By Tommy Noyes
A new law making Hawai‘i’s roads safer for people who ride bicycles is now in effect. Gov. David Ige signed HB 2215 (Act 47), the three-foot passing bill, at a ceremony held at the Office of the Governor in the Hawai‘i State Capitol in June.
HB 2215 passed the full Senate and House May 1, and Ige signed the bill into law June 20. The new law went into effect July 1. It requires drivers to allow at least three feet of separation between the driver’s vehicle and the bicycle when passing or overtaking the bicyclist. This means motorists must allow at least three feet of clear separation from every part of their motor vehicle — such as rear view mirrors, loaded materials, or trailer components — to the bicycle or the bicyclist’s body. Typically, the bicyclist’s elbow would extend the furthest towards the travel way.
This new law is a major step forward in that it requires people driving motor vehicles to give bicyclists at least three feet of clearance when overtaking. Bicyclists fare best when they act and are treated as the operators of vehicles, observe all traffic laws, and are alert to vehicles approaching them from every direction as they ride with the flow of traffic.
Respect and courtesy are the basis for safety on our roads. If motorists cannot safely pass within a reasonable length of time, courteous bicyclists will pull over to the side and allow the faster traffic to pass. Courteous motorists will be patient. Adopting these attitudes of mutual respect and courtesy ensures safety for all.
“The passage of this bill highlights our commitment to ensuring that cyclists are safe on our roads, and that Hawai‘i becomes a more bicycle-friendly community,” Ige said. “I am happy to sign this bill and make Hawai‘i the 37th state in the nation to make this commitment.”
The Hawai‘i Bicycling League took the lead in coordinating passage of this legislation.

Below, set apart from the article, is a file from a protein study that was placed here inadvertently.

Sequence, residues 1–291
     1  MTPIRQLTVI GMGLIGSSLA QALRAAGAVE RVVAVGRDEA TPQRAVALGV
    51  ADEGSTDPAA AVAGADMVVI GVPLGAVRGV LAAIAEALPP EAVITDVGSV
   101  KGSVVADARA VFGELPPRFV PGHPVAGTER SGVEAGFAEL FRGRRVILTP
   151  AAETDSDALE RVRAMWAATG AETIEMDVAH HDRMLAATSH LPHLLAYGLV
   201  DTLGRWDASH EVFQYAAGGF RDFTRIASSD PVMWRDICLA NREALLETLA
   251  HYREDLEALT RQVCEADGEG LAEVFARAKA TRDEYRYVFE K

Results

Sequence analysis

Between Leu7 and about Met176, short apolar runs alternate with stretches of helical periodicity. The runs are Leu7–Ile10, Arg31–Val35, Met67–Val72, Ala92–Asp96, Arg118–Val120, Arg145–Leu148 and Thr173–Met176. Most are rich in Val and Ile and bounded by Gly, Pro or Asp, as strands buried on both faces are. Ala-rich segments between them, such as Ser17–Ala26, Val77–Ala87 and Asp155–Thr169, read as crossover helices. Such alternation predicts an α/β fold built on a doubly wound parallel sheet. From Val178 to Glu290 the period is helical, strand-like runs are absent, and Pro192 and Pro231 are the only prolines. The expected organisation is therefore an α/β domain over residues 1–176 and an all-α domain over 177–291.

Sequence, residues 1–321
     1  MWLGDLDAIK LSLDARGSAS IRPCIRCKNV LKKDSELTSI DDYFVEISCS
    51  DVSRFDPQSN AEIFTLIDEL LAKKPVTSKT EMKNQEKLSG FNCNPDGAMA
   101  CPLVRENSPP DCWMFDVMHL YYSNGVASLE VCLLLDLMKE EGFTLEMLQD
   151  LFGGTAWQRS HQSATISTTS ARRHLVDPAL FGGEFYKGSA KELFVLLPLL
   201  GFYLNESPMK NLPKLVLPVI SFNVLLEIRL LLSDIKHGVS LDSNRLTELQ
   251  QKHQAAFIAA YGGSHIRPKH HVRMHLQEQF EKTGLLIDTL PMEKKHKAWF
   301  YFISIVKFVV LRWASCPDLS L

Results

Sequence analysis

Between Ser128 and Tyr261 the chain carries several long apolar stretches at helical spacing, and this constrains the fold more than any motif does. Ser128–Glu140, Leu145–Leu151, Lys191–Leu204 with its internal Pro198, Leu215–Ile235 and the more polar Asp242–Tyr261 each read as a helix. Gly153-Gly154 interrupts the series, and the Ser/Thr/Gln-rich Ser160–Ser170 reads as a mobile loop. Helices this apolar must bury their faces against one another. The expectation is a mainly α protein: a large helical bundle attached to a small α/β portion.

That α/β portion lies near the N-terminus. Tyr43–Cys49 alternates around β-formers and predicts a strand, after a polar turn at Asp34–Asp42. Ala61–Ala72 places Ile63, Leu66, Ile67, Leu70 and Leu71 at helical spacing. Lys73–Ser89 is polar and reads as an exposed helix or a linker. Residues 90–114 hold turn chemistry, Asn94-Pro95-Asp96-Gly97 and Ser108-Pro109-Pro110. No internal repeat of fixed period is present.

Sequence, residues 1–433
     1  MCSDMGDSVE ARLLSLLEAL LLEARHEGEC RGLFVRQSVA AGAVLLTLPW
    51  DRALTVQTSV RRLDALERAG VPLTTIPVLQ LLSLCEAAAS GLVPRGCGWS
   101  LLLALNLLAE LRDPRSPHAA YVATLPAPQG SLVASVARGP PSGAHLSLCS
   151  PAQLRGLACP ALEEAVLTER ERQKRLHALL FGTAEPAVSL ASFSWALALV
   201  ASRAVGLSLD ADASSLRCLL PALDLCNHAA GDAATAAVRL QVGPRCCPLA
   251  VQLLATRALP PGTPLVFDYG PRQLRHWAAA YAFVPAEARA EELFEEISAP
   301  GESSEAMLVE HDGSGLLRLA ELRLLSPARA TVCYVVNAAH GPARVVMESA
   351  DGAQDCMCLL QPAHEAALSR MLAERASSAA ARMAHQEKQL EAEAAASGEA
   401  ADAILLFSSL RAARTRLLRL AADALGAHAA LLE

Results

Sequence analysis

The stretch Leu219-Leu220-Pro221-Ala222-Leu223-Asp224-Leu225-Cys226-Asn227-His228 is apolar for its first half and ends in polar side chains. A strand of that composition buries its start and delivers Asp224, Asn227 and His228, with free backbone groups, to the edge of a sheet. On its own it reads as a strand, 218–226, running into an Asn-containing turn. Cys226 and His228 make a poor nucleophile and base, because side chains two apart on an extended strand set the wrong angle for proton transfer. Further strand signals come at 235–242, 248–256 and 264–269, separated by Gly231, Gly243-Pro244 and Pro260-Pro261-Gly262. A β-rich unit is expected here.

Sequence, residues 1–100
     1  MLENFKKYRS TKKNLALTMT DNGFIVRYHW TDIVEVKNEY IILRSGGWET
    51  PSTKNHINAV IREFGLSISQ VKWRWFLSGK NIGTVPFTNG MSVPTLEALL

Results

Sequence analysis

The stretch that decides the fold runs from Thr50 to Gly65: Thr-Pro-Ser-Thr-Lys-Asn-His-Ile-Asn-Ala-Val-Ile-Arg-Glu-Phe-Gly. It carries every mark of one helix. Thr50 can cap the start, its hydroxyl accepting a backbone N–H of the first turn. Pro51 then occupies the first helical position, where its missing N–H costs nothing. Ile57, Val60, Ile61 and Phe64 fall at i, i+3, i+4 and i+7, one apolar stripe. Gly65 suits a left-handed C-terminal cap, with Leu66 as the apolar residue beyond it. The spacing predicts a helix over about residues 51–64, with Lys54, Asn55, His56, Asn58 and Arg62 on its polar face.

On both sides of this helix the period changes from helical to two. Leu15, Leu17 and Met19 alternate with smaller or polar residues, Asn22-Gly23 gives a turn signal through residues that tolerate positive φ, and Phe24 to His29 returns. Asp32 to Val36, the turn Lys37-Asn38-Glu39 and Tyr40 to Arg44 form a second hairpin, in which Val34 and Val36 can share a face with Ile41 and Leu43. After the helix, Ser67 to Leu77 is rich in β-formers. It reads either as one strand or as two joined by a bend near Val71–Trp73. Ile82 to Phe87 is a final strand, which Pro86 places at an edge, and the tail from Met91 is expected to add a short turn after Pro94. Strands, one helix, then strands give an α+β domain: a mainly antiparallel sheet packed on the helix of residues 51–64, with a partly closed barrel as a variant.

“The Safe Passing Three Foot bill makes clear in Hawai‘i law that three feet is the minimum safe distance for a motorist to give when overtaking a bicyclist,” said Daniel Alexander, HBL’s advocacy, planning, and communication director. “This basic safety law, which already exists in the majority of states, is a simple way to help ensure that we can all share our roads safely.”
In addition to the hundreds of individuals testifying in support, HBL had a powerful coalition of supporting organizations, including AARP, American Diabetes Association, Blue Planet Foundation, Hawai‘i Cycling Club, Hawai‘i Public Health Institute, Kaua‘i Path (www.KauaiPath.org), Maui Bicycling League, PATH Peoples Advocacy for Trails Hawai‘i, Sustainable Transportation Coalition of Hawai‘i and others.
HBL also received strong support from government agencies that work to make sure Hawai‘i’s streets are safe for everyone — people who bike, walk and drive. Those agencies include the Hawai‘i Department of Transportation, Hawai‘i Strategic Highway Safety Council, Honolulu Police Department, Honolulu Department of Transportation Services, Kaua‘i Police Department and Maui Police Department.
- Tommy Noyes is Kaua‘i Path’s executive director, a League of American Bicyclists Certified Instructor and active with the Kaua‘i Medical Reserve Corps.